For Immediate Release
Office of the Press Secretary
May 14, 2002
The Outlook for Peace in the Sudan
History of Senator John Danforth as Envoy for Peace in Sudan
- The President named Senator Danforth his Envoy for Peace in
Sudan on September 6, 2001.
- Senator Danforth undertook two missions to Sudan and the
region (in November 2001 and January 2002), and one mission (in
December 2001) to consult directly with key European partners (the UK,
Norway, and Italy).
- Senator Danforth based his findings on four indicators of the
resolve and ability of the parties to pursue peace:
- Their ability
to achieve a cease-fire in the highly-contested Nuba Mountains region;
Their willingness to cooperate with an internationally-sponsored
commission to investigate the ongoing practice of slavery in Sudan;
Their agreeing to the establishment of "zones of tranquility" to
allow for emergency humanitarian interventions; and
- Their agreeing
to allow international monitors to investigate attacks on civilians.
Report's Key Findings and Recommendations
- Because the war is not winnable by either side, now is the
time for a settlement.
- The parties' response to the above indicators was mixed. But
Senator Danforth concludes that the parties are capable of taking steps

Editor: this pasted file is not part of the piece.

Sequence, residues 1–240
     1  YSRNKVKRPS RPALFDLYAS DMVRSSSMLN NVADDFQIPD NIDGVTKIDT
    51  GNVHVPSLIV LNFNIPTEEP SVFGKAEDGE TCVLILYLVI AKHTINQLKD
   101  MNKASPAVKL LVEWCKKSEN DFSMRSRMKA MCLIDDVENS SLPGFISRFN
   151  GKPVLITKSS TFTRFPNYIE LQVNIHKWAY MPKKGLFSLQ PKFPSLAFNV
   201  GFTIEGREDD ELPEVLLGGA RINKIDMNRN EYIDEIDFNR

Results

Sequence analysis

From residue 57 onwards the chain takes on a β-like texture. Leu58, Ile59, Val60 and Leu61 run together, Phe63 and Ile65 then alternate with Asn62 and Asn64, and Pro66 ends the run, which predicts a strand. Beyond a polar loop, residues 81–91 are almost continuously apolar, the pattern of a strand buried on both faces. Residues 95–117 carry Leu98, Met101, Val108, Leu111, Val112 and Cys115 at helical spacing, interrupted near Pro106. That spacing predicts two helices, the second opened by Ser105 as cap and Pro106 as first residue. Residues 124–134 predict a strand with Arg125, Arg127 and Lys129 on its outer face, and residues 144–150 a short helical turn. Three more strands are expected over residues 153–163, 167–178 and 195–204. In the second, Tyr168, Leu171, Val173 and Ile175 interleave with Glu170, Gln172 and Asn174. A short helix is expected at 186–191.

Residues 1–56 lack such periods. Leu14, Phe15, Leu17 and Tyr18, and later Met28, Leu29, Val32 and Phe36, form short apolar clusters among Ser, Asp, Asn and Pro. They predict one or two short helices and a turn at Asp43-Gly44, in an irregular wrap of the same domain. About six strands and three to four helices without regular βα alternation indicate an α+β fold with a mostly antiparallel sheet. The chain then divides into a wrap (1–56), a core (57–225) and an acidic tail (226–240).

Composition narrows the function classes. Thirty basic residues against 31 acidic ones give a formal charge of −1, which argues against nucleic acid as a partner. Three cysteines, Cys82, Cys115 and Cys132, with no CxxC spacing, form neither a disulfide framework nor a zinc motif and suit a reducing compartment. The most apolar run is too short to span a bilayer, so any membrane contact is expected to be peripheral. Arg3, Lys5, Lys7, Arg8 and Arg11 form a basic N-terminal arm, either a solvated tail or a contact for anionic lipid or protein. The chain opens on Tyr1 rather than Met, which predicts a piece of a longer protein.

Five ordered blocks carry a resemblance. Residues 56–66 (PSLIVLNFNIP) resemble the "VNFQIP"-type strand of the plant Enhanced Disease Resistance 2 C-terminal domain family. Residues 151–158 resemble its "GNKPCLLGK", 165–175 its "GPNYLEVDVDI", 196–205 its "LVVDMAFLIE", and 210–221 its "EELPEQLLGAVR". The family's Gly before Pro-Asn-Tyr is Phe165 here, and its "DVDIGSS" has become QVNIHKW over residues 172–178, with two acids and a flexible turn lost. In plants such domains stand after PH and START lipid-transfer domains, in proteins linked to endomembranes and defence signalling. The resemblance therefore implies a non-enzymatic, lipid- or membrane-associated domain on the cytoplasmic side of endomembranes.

necessary to reach a negotiated settlement.
- The United States cannot impose an agreement on Sudan.
Rather, the parties themselves must reach agreements on key issues,
including guarantees of freedom of religion, governance, and use of
- While the parties are able to reach agreement on contentious
issues, the difficulty of achieving such agreements underscores the
necessity for outside intermediaries.
- The United States should not establish its own peace
initiative. Instead, the United States should act as a catalyst and
should pursue peace in Sudan with and through the ongoing regional
peace initiative currently being led by Kenya.
- Humanitarian assistance to Sudan should continue to be a high
priority for US foreign policy.
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